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A Report on Non-Ionizing Radiation

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2007 Articles

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June 14, 2007

Another passing: Bill Wisecup died of a cerebral hemorrhage on May 28 at the age of 77. A vet by training, Wisecup spent much of the 1980s and 1990s administering the EMF research program for the U.S. Department of Energy. He was also the executive director of the Bioelectromagnetics Society (BEMS) from 1986 until his retirement in 2000. He then devoted most of his time to photography and his Welsh corgis.

June 11, 2007

Norm Sandler is dead at the age of 53. He was found in his Washington, DC, apartment last Monday; the cause has not yet been determined. Until recently, Sandler had been Motorola's principal spokesman on the cell phone health issue. He had previously worked for UPI and Powell Tate, a Washington PR firm.

May 31, 2007

Rick Jostes of the National Academy of Sciences has advised us that the dates for the RF workshop were posted incorrectly on the NAS Web site. The correct dates are August 7-9. (See May 24 below.)

Some Startling Results from Finland

May 29, 2007

Every now and then a new paper comes along that gives hope that one day we'll make sense of the conflicting results that have become the hallmark of EMF research. A team of Finnish researchers from the University of Kuopio has published such a paper. It's in the June issue of the International Journal of Radiation Biology.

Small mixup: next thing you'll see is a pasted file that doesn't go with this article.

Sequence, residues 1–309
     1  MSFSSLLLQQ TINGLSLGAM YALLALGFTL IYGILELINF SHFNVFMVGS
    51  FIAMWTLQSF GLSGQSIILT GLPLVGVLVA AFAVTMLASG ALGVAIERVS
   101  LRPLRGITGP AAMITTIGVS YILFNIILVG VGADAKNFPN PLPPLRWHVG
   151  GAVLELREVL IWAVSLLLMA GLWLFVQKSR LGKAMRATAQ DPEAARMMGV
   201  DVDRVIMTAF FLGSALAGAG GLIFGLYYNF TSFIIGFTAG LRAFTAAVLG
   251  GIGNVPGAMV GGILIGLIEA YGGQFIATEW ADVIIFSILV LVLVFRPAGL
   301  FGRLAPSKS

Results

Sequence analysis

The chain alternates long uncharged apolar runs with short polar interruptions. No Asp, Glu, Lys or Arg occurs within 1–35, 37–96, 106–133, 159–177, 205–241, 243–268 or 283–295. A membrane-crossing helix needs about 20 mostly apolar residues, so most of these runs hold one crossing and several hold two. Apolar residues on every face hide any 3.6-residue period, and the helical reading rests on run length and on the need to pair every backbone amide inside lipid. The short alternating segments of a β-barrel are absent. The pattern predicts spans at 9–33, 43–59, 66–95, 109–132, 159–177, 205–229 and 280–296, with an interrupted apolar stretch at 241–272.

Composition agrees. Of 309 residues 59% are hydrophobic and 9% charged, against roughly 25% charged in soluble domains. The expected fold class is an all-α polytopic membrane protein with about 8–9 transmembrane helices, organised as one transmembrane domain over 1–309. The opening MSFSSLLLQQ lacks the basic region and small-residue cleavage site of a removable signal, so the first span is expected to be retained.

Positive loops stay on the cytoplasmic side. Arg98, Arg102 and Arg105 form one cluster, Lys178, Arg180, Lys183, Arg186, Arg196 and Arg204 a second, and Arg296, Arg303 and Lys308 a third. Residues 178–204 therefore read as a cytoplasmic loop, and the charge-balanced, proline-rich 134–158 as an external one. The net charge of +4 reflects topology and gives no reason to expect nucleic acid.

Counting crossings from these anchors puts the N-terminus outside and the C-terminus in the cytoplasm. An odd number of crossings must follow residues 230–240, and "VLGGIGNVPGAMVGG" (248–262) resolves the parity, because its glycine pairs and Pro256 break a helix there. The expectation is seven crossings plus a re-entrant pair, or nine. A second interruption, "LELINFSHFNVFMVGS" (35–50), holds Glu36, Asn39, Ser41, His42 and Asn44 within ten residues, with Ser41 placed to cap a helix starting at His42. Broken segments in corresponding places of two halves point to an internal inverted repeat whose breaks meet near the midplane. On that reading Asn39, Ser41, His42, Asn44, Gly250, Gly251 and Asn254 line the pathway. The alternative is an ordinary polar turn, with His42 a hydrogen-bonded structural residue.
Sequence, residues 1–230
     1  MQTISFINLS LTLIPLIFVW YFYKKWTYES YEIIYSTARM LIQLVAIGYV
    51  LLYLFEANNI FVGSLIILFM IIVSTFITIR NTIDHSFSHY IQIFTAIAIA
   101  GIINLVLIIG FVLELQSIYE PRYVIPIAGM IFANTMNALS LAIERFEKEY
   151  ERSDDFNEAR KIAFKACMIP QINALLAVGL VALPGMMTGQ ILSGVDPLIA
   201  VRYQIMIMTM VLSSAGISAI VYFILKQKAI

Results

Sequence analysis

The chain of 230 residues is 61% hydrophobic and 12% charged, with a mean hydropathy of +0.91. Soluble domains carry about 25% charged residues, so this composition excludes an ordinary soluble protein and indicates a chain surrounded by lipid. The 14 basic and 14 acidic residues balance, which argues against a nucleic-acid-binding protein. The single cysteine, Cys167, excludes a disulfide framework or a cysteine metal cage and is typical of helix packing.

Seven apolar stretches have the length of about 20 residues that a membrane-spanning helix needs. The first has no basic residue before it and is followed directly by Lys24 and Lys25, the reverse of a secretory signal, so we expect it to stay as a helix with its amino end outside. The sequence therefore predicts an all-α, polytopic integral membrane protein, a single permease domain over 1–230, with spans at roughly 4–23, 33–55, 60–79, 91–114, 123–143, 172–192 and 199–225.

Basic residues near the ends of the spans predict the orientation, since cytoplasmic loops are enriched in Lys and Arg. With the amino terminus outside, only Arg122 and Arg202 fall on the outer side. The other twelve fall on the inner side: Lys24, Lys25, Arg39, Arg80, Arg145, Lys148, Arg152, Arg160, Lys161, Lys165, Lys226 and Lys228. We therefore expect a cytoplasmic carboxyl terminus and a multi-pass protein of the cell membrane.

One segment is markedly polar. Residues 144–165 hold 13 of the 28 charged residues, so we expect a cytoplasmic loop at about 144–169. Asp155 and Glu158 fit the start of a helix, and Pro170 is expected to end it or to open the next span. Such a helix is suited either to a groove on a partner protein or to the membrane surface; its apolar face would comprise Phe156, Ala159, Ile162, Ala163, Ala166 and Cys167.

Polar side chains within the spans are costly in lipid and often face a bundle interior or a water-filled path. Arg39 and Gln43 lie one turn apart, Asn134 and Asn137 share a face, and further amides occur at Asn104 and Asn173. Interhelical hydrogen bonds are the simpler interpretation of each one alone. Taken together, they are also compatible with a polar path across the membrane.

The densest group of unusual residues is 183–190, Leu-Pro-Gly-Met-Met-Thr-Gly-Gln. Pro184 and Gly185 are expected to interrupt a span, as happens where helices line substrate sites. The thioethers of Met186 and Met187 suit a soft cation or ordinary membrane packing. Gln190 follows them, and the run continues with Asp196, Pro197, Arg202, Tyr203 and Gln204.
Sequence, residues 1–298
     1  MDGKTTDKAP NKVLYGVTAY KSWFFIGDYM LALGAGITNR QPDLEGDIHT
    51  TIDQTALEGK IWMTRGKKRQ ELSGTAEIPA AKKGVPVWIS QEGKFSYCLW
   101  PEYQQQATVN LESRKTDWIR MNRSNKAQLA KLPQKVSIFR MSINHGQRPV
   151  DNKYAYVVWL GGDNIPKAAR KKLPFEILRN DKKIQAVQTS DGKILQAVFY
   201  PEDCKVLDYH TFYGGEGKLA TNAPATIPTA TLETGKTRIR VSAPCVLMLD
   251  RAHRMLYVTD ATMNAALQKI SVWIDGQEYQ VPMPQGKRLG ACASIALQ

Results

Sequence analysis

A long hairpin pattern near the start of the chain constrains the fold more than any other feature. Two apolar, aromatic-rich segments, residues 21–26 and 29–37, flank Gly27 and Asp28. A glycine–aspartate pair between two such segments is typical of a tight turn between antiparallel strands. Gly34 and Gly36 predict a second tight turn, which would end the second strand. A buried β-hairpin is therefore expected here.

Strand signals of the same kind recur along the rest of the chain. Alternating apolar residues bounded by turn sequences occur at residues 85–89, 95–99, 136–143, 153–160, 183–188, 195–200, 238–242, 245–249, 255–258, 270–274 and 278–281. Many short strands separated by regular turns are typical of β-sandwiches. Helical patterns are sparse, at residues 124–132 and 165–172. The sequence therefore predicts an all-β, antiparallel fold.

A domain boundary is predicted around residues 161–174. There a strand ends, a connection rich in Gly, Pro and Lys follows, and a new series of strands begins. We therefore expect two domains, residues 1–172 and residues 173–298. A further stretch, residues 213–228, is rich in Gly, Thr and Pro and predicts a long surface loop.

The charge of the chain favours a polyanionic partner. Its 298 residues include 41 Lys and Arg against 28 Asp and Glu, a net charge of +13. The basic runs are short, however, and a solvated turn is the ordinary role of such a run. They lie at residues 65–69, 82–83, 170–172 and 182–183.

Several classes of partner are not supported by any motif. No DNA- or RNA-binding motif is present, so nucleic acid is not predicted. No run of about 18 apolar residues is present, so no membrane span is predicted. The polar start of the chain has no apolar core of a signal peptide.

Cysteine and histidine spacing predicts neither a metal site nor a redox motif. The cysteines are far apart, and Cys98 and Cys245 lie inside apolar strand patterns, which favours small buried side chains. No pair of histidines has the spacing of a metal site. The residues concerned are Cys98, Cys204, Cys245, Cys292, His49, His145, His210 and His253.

Anne Höytö, Jukka Juutilainen and Jonne Naarala have shown that the type of cells used in in vitro studies can determine whether they will respond to RF radiation. They ran the same experiment with primary cells —those taken directly from an organism— and with secondary cells —those that have been grown in a petri dish. They exposed both types of cells to two different RF signals, CW and modulated (GSM), at various intensities (SAR =1.5, 2.5 or 6 W/Kg) for various amounts of time (2, 8 or 24 hr), and then measured the activity of ODC (ornithine decarboxylase), an enzyme related to cellular growth and differentiation.

May 24, 2007

Rick Jostes at the National Academy of Sciences (NAS) has announced his picks for the members of the committee that will review the current state of cell phone health research and identify future needs. Frank Barnes of the University of Colorado, Boulder, will chair the panel. Of the other six members, three are with ICNIRP: Finland's Maila Hietanen, Germany's Rüdiger Matthes and France's Bernard Veyret. The other members are Om Gandhi of the University of Utah, Leeka Kheifets of UCLA and EPRI and David McCormick of IITRI in Chicago. Kheifets, who serves on ICNIRP's epidemiology panel, used to be Mike Repacholi's sidekick at the WHO EMF project in Geneva. McCormick is planning some large-scale RF-animal experiments for the National Toxicology Program. The FDA requested these studies back in 1999.

Schüz Defends ICNIRP’s 1,000 mG Limit

May 21, 2007